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The Adaptability of the Benomyl-Resistant Population of Cercospora beticola in Northern Greece. C. Dovas, Hellenic Sugar Industry S.A., Salonica; G. Skylakakis(2), and S. G. Georgopoulos(3). (2)Eli Lilly S.A., Athens office, Aghia Paraskevi; (3)Department of Plant Pathology, Athens College of Agriculture, Votanikos, Athens 301, Greece. Phytopathology 66:1452-1456. Accepted for publication 11 June 1976. Copyright © 1976 The American Phytopathological Society, 3340 Pilot Knob Road, St. Paul, MN 55121. All rights reserved.. DOI: 10.1094/Phyto-66-1452.

In a field comparison of a benomyl-sensitive and a benomyl-resistant strain of Cercospora beticola, the relative proportion of the resistant strain increased after applications of benomyl, benomyl in alternation with triphenyltin hydroxide, or a tank mixture of the two fungicides. The increase in the proportion of the resistant strain was followed by a pronounced reduction of effectiveness of benomyl for leaf spot control. Triphenyltin was equally effective for control of both strains. In the unsprayed control the benomyl-resistant strain appeared more adaptable than the particular sensitive strain with which it was compared. Extensive sampling of leaf spot for three consecutive years after the cessation of benomyl usage for control of C. beticola in Greece showed that the frequency with which benomyl-resistant strains were isolated tended to remain constant for a given area, including fields that were sprayed with triphenyltin fungicides. Thus, the benomyl-sensitive and benomyl-resistant portions of natural populations apparently are equal in fitness for survival under selection pressures imposed by various field conditions.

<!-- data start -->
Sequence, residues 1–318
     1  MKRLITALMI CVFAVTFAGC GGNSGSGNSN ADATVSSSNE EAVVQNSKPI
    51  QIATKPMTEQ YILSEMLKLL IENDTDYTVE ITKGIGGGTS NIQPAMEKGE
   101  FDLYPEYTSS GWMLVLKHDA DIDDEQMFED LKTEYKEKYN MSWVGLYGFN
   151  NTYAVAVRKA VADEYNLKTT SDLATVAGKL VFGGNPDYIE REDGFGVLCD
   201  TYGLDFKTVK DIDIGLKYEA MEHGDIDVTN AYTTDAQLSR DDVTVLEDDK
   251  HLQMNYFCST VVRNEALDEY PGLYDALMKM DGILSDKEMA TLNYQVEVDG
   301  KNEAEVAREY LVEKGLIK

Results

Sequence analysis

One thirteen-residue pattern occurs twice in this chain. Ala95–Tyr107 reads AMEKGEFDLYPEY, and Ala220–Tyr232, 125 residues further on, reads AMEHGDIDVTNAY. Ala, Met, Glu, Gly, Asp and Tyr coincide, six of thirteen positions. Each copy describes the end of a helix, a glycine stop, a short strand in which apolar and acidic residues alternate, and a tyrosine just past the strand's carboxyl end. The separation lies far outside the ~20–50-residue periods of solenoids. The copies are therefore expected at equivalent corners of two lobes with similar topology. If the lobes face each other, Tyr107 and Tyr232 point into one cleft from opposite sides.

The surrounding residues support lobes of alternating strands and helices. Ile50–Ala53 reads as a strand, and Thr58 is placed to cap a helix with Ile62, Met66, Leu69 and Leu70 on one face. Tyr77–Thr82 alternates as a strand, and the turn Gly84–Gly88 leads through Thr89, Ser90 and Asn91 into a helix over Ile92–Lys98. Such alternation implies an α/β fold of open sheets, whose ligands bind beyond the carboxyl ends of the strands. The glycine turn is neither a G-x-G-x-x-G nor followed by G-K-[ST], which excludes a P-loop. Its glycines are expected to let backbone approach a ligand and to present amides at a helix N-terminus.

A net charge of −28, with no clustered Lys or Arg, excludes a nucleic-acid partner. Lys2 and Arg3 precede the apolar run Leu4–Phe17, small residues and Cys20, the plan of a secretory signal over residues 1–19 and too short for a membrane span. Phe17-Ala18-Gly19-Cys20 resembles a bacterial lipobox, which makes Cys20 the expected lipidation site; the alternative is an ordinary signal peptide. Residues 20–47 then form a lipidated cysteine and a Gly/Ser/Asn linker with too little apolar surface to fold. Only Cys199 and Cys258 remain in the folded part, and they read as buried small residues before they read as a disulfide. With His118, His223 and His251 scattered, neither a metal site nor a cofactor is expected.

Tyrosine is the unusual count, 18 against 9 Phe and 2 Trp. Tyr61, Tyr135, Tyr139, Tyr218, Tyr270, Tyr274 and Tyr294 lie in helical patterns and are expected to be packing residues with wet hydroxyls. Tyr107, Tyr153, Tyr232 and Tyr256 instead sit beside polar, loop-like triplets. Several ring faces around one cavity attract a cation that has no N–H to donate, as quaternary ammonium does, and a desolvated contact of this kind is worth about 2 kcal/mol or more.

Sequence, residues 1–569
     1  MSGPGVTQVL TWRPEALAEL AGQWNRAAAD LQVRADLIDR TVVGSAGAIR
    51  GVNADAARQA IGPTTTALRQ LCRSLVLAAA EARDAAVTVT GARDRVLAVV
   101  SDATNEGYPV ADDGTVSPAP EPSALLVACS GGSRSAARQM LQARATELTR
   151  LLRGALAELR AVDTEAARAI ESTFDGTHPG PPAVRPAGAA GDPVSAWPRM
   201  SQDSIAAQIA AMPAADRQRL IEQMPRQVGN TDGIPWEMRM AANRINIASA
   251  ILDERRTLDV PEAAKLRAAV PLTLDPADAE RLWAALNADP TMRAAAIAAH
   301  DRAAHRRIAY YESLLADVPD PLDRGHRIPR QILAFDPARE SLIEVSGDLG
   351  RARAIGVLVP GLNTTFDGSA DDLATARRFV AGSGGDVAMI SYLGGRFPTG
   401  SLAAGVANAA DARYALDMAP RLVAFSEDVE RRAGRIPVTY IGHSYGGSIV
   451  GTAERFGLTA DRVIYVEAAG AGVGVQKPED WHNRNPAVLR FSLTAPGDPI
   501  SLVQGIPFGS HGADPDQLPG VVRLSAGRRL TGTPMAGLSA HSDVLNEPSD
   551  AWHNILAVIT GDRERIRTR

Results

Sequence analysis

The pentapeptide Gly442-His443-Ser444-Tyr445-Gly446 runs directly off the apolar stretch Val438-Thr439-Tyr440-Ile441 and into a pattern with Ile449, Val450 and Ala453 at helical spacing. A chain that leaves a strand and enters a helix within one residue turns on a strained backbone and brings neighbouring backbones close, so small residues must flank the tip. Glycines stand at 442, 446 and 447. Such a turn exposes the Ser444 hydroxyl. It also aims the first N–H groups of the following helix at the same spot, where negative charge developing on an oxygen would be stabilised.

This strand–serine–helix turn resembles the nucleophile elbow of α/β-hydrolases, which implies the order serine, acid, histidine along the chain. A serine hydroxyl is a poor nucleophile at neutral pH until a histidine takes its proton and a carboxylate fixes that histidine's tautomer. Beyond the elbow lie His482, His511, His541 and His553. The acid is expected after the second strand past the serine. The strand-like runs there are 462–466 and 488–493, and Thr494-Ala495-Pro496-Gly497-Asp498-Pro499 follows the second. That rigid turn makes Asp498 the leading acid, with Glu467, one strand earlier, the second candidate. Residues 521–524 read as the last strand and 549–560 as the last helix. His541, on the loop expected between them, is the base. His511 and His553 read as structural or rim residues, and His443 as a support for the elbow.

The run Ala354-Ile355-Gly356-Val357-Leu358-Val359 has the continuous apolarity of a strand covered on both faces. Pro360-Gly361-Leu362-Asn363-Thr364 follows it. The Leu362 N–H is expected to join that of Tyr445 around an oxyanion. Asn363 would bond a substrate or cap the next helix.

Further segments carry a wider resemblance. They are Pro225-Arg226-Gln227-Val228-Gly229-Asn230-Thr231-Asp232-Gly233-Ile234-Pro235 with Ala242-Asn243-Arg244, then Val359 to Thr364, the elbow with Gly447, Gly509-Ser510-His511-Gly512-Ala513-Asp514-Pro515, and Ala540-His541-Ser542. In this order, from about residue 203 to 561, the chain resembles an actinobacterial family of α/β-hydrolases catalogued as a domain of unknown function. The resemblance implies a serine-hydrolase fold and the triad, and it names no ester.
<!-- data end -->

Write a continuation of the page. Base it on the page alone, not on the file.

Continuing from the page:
Additional keywords: sugarbeet, leaf spot, fungicides.